It’s the “paper or plastic” of home improvement loans — whether your loan should be secured or unsecured.
Unsecured loans marketed specifically for home improvement are a relatively recent option. Many of the current lenders started making these loans after the home market collapsed nearly a decade ago, leaving many homeowners with less (or negative) equity.
In 2012, Boeing Employees Credit Union noticed that many of its members were low on home equity but still needed home improvement loans to keep up with repairs and maintenance, says Todd Pietzsch, spokesman for the credit union.
Unsecured personal loans don’t require equity as collateral. But healthy credit is a must. If you’re working with a reputable lender, it also will want to see that your income is high enough and your debt load is low enough that you can easily afford those monthly payments. If you’re smart, that’s your goal, too.
If you’re considering an unsecured home improvement loan. Here are 6 points to ponder.
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In general, unsecured personal loans mean smaller dollar amounts. For many lenders, unsecured home improvement loans top out at $20,000 to $25,000. But that’s not always the case.
Lightstream lends as much as $100,000, but it’s not something that happens every day, says Kristin Shuff, the lender’s group vice president of marketing.
While terms vary with the lender, you can find stretches as short as 1 year and as long as 7 years.
And in many cases, the personal loan follows the borrower, not the house. If you sell, you can elect to pay off the loan or keep it.
When you shop, make sure your unsecured loan is truly unsecured. Some lenders offer unsecured home improvement loans but put a lien on the home, says Robert Stroup, vice president of product management for the Boeing Employees Credit Union.
A secured home improvement loan is like a 2nd mortgage. Getting one can take “weeks to months,” and you may need a home assessment, says Chris Dervan, senior vice president and consumer lending product manager for PNC Bank.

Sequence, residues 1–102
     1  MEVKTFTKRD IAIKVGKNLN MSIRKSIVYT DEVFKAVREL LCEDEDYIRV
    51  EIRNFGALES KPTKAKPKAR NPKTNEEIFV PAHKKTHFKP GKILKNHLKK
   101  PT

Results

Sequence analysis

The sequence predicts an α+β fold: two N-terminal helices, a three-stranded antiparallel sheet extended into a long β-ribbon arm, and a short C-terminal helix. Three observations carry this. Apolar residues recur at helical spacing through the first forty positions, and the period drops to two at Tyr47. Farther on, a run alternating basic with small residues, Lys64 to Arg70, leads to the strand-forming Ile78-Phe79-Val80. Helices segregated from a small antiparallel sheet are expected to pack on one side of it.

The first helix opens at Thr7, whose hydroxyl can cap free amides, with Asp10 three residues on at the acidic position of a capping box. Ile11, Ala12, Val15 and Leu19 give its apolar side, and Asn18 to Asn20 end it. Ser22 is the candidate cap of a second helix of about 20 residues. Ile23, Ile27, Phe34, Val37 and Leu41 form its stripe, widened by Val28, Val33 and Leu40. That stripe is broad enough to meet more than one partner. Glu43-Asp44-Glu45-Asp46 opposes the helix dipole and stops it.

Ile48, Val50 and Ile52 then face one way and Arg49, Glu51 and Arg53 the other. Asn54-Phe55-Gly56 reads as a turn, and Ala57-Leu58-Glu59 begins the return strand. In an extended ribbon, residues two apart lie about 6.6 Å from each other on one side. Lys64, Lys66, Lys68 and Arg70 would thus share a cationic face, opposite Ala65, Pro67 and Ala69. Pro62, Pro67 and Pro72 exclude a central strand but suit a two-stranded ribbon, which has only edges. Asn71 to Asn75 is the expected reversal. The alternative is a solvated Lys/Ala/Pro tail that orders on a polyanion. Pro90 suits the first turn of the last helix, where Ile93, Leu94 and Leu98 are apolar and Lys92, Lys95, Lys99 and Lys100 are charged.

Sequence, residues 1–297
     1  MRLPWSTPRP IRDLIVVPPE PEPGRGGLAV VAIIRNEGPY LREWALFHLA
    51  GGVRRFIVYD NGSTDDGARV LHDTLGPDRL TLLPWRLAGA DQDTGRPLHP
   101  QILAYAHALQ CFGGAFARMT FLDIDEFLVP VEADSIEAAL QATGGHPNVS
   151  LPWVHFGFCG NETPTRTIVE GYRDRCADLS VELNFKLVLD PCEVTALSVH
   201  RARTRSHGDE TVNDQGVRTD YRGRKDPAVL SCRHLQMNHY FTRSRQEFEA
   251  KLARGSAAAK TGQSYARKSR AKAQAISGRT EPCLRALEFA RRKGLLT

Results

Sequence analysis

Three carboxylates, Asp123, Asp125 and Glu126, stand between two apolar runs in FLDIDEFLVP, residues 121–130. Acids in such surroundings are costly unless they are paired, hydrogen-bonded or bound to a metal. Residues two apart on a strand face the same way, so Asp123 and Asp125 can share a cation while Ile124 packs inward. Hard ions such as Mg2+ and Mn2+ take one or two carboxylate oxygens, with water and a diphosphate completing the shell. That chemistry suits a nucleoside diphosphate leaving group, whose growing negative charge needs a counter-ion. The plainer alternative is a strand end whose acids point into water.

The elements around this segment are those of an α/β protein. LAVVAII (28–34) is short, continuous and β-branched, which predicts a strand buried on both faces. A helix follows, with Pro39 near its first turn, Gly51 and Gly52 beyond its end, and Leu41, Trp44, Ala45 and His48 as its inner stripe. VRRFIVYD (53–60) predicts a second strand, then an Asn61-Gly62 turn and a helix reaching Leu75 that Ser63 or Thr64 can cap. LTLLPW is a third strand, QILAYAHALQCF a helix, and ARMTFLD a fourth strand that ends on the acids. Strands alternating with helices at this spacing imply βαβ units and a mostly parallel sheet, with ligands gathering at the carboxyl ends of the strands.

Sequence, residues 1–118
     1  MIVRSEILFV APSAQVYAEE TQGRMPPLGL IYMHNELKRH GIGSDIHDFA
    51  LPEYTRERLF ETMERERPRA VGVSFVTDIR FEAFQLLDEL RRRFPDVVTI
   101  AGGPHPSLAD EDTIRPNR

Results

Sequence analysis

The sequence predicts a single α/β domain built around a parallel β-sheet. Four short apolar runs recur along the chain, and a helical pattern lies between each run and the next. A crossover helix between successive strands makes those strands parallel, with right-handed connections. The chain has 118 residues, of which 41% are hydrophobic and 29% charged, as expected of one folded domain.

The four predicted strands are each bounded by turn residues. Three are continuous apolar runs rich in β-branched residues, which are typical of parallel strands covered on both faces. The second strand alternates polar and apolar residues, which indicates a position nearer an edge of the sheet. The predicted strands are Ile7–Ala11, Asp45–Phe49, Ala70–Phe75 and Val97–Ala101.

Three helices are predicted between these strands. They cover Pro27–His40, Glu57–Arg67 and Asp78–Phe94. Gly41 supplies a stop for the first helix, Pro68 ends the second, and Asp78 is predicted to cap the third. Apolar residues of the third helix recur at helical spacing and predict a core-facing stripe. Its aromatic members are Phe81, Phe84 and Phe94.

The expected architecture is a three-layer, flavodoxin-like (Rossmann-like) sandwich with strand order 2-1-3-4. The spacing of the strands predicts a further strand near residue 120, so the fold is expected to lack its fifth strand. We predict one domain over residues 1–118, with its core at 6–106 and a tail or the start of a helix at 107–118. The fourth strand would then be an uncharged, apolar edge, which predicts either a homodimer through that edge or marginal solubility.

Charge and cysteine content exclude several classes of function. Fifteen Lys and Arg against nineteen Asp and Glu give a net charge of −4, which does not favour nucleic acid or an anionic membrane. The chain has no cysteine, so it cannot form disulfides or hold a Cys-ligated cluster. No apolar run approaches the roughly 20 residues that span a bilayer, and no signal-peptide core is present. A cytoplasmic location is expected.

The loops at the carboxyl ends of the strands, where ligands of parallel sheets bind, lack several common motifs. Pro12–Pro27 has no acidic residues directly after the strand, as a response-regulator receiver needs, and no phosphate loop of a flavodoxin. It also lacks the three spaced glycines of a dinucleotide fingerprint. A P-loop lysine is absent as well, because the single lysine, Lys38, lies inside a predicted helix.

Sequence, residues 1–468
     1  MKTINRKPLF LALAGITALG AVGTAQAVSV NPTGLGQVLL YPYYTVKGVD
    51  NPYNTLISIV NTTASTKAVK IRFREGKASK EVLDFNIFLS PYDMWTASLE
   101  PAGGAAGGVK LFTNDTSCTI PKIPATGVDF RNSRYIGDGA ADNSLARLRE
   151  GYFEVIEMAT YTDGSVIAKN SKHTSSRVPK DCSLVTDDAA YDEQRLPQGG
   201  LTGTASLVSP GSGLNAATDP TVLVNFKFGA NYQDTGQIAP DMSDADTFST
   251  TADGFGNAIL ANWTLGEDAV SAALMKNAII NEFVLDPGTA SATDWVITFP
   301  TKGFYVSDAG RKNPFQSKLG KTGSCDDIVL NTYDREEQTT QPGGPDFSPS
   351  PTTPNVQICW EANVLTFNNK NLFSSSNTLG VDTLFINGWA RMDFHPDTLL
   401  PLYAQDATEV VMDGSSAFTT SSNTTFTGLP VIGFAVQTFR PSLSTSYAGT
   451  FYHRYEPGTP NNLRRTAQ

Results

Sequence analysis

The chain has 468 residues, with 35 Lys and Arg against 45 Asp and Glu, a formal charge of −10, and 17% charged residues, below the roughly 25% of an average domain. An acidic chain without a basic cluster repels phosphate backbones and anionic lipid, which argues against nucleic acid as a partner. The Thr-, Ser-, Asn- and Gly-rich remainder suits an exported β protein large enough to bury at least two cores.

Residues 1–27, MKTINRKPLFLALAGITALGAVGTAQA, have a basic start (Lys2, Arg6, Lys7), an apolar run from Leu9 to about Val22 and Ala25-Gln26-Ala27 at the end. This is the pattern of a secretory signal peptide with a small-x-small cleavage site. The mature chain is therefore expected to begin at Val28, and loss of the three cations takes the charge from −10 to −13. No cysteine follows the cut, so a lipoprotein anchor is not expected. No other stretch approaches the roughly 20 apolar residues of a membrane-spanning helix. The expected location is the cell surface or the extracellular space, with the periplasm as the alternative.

Unsecured personal loans are based on income, debt load and credit history, so they’re as quick and easy to get as a credit card.
In addition, unlike 2nd mortgages, which can include closing costs and origination fees, many unsecured loans have no set-up costs.
Some lenders will require proof that you own a home. And, like Lightstream, some reserve the right to request proof of the home improvements or repairs financed by the personal loan, Shuff says.
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For a home improvement loan, there’s often a trade-off. Offer up your home as collateral and receive a lower interest rate, or leave your home out of the equation and pay a higher interest rate.
Typically, unsecured home improvement loans are “probably higher than a home equity loan but substantially lower than a credit card,” PNC’s Dervan says.
Another factor to consider: Unlike those home equity loans, interest from an unsecured loan is not likely tax-deductible, Stroup says. But always verify those details with a tax pro before you decide.
Want to get an unsecured home improvement loan? If you want to get a large sum, you’ll need good credit. But what qualifies as good will vary.
At the Boeing Employees Credit Union, that typically means a FICO score in the mid-600s or above, Stroup says.
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